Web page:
It’s said that it was bad luck for the shadow of a retiring sailor to leave the ship before his shadow did. So the rest of the crew would build a finely crafted box filled with honored items of the retiring man’s glories at sea that symbolically created a shadow of the man. Thus, the shadowbox would remain on board until the sailor was ashore and his safety was assured. Then his crewmates would host an elaborate ceremony where the man and his career would be honored. His captain or shipmates would present the honored shadow of the man box to him with much pomp and circumstance.

The sailor himself would invest in a quality shadowbox so he could see his many small trinkets that reminded him of his past exploits to distant shores during the course of his career at sea. Those souvenirs were traditionally small since sailors had very small places to call home on the ship. Let‘s face it – they didn‘t usually become rich men at the end of their careers, so usually one box would hold a lifetime of memories. Hard to believe in our consumer-driven days we live in, isn’t it?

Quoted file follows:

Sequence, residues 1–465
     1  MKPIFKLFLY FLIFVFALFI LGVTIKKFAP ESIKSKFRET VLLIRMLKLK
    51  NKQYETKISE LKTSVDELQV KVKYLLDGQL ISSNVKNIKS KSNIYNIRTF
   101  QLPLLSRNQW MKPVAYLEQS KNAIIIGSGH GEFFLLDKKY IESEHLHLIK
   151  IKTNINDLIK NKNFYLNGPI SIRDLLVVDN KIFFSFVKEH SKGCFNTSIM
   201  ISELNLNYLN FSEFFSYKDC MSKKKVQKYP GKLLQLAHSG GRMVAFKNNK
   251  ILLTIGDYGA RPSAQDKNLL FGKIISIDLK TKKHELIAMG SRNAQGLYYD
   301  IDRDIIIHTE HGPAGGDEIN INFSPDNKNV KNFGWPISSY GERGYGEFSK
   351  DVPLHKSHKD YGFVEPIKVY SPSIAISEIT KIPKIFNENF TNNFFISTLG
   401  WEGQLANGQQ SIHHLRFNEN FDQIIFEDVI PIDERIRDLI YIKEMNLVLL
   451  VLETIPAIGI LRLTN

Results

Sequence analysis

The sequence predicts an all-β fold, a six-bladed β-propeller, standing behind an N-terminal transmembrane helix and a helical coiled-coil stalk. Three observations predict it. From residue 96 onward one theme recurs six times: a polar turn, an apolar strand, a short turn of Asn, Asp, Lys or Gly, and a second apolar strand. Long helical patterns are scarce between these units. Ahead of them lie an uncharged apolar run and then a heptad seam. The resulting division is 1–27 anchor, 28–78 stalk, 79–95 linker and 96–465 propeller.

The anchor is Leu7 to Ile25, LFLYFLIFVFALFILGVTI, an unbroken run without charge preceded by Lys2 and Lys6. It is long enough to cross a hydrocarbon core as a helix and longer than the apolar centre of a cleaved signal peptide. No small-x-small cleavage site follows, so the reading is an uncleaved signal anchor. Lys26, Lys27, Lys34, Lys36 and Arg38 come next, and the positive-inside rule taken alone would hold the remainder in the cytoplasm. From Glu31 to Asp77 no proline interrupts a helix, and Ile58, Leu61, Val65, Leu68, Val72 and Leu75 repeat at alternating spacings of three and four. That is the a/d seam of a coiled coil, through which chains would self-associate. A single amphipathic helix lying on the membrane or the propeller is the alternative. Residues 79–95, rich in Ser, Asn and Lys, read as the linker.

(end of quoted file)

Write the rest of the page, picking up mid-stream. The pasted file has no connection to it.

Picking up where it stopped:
List of Supplies for Your Shadow Box

  • Paint brushes (several sizes)
  • Acrylic paints in Halloween colors
  • Sandpaper (100 grit)
  • Pencil to mark out your design
  • Paper, paint, vintage postcards, artwork, pictures or felt for inside backing
  • Small hangers for the back of the shadowbox
  • Masking tape

If you plan on displaying jewelry, you will need a padded back for the box without slots. You’ll need the following to create one:

  • Double-sided tape
  • Scissors
  • Wood glue
  • Cotton batting (thin layer)
  • Thin but sturdy cardboard
  • Felt
  • Tacks
  • Objects to be displayed

Where To Get Your Shadowbox

Go to your local hobby store and select several inexpensive glass-fronted shadowboxes without slotted spaces to decorate and place your treasures in. The boxes come in many different sizes that will allow you to do more than one for an impressive grouping for not much money. I’m talking $2.99 or higher if you catch them on sale! I got mine for $1.49 each on sale.

What To Show Off

You probably have plenty of jewelry or other items to display around your house, so flea markets be damned! Gather a pile of jewelry, mini Halloween ornaments, antique cake picks or anything that you’d like to show off that will fit in your boxes.

Getting Started